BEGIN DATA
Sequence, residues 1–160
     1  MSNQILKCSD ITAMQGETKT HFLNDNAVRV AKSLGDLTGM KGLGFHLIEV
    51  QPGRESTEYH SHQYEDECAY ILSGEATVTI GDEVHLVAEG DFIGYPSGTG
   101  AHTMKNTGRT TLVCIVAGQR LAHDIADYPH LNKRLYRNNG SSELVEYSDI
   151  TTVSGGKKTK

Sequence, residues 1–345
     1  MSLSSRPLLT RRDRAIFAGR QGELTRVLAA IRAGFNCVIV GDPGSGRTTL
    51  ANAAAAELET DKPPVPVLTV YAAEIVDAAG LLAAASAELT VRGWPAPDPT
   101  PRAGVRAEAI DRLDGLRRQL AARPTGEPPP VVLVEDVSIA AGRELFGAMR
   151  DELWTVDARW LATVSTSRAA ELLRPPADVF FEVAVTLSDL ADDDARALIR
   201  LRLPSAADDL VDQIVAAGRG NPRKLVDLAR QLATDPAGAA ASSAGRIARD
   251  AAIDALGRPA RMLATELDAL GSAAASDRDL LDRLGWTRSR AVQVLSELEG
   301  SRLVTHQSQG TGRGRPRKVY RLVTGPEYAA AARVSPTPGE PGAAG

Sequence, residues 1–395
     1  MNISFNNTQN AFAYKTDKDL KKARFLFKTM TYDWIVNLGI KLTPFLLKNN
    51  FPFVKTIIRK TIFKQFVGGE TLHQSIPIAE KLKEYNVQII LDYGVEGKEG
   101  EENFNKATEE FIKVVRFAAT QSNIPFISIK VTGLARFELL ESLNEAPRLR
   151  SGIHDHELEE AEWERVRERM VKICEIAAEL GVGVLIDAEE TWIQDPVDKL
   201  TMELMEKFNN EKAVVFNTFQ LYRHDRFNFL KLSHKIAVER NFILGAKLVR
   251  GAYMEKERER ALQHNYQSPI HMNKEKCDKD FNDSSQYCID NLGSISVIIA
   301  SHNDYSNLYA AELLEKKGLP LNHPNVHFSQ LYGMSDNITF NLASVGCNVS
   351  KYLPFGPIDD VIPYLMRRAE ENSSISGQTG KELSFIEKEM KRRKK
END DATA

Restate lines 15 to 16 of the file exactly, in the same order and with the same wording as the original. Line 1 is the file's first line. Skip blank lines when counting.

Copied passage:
     1  MNISFNNTQN AFAYKTDKDL KKARFLFKTM TYDWIVNLGI KLTPFLLKNN
    51  FPFVKTIIRK TIFKQFVGGE TLHQSIPIAE KLKEYNVQII LDYGVEGKEG